And all the days of Lamech were seven hundred seventy
seven years, and he died.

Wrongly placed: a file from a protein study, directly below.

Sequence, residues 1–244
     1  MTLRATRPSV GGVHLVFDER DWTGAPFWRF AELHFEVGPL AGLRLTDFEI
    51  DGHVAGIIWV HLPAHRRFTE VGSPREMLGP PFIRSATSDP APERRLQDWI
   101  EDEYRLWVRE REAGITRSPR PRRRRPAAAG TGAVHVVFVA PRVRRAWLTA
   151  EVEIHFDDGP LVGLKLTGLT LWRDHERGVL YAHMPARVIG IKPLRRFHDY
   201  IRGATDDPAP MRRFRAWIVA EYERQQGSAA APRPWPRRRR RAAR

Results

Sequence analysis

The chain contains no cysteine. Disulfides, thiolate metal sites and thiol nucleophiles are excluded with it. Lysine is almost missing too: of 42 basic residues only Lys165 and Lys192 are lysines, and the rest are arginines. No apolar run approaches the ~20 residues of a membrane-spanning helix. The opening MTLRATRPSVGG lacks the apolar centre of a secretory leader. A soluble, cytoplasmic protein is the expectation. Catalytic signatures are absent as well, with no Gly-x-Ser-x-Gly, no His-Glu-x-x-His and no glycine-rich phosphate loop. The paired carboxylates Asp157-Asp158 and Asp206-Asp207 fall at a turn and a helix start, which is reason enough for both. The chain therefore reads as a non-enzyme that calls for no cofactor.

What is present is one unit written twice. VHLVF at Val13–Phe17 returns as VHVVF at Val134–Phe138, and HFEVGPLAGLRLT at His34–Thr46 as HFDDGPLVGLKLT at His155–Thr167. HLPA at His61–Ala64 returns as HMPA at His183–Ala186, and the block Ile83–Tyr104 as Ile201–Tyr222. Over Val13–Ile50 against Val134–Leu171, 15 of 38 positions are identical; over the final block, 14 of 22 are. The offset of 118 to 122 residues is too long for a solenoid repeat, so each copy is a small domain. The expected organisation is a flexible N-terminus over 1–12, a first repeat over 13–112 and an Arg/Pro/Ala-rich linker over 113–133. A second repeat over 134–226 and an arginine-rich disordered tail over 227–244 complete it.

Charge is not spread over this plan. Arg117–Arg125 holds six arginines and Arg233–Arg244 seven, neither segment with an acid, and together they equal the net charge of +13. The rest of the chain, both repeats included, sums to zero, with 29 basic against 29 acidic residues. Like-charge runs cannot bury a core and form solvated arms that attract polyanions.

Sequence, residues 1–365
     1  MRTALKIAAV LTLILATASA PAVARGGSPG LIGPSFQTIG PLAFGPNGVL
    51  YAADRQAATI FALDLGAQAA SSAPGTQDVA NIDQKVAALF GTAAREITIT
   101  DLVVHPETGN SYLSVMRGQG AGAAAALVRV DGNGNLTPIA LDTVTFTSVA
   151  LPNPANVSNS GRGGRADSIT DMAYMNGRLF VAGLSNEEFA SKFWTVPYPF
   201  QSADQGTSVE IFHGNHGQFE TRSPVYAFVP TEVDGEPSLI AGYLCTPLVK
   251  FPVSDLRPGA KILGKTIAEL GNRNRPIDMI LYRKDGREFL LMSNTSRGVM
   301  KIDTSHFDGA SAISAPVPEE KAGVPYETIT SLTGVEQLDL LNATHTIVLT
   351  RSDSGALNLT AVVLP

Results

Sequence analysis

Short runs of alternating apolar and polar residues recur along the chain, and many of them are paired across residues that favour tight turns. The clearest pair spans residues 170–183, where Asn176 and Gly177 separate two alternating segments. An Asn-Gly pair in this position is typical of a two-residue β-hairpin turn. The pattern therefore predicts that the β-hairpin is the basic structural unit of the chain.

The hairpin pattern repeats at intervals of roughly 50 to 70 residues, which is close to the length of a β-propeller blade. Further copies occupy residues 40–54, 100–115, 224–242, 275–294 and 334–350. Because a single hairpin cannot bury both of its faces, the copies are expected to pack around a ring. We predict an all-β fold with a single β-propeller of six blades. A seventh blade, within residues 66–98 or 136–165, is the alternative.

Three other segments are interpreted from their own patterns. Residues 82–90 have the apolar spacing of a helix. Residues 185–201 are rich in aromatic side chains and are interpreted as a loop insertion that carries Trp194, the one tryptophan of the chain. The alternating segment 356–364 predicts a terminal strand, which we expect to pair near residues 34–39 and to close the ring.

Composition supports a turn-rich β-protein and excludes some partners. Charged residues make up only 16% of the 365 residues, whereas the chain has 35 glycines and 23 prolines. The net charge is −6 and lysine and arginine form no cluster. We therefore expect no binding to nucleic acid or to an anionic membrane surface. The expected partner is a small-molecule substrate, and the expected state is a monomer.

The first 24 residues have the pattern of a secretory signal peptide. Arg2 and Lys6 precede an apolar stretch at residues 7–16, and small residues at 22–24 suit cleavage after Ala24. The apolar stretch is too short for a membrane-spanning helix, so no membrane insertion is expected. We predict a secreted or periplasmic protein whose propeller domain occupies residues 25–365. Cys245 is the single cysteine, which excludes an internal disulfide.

] According to the Greek version, he lived but seven hundred and fifty three; and according to the Samaritan version, only six hundred and fifty three: but it is best and safest in these, and all the above numbers, to follow the original Hebrew, and the numbers in that, with which the Targum of Onkelos exactly agrees, written about the time of Christ; and these numbers were just the same when the two Talmuds were composed. Some of the Jewish writers, and so some Christians, confound this Lamech with the other Lamech, who was of the race of Cain, spoken of in the preceding chapter, and say he was a bigamist and a murderer; and that in his days sins were committed openly, and witchcraft was throughout the whole world F5: he died, according to Bishop Usher, A. M. 1651. Eight times in this chapter the phrase is used, "and he died", to put us in mind of death; to observe that it is the way of all flesh; that those that live longest die at last, and it must be expected by everyone.